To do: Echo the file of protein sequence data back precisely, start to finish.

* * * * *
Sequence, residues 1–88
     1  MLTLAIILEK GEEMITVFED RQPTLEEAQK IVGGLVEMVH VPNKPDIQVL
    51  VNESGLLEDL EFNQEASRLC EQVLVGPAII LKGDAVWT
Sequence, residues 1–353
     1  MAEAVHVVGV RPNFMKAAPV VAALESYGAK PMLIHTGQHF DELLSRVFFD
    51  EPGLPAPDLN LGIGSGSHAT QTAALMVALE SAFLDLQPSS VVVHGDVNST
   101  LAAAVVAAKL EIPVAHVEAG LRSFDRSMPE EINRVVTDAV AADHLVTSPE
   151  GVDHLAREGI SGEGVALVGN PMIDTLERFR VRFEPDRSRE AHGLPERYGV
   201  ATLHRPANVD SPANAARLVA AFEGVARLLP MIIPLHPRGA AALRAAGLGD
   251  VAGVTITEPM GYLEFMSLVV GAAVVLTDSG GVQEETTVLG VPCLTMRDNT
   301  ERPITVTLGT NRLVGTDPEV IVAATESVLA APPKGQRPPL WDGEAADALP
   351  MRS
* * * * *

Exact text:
Sequence, residues 1–88
     1  MLTLAIILEK GEEMITVFED RQPTLEEAQK IVGGLVEMVH VPNKPDIQVL
    51  VNESGLLEDL EFNQEASRLC EQVLVGPAII LKGDAVWT
Sequence, residues 1–353
     1  MAEAVHVVGV RPNFMKAAPV VAALESYGAK PMLIHTGQHF DELLSRVFFD
    51  EPGLPAPDLN LGIGSGSHAT QTAALMVALE SAFLDLQPSS VVVHGDVNST
   101  LAAAVVAAKL EIPVAHVEAG LRSFDRSMPE EINRVVTDAV AADHLVTSPE
   151  GVDHLAREGI SGEGVALVGN PMIDTLERFR VRFEPDRSRE AHGLPERYGV
   201  ATLHRPANVD SPANAARLVA AFEGVARLLP MIIPLHPRGA AALRAAGLGD
   251  VAGVTITEPM GYLEFMSLVV GAAVVLTDSG GVQEETTVLG VPCLTMRDNT
   301  ERPITVTLGT NRLVGTDPEV IVAATESVLA APPKGQRPPL WDGEAADALP
   351  MRS